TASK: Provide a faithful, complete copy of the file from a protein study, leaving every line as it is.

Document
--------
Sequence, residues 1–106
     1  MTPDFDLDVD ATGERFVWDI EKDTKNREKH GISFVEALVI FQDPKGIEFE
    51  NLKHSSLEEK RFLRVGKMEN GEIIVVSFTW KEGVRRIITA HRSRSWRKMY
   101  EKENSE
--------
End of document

Sequence, residues 1–106
     1  MTPDFDLDVD ATGERFVWDI EKDTKNREKH GISFVEALVI FQDPKGIEFE
    51  NLKHSSLEEK RFLRVGKMEN GEIIVVSFTW KEGVRRIITA HRSRSWRKMY
   101  EKENSE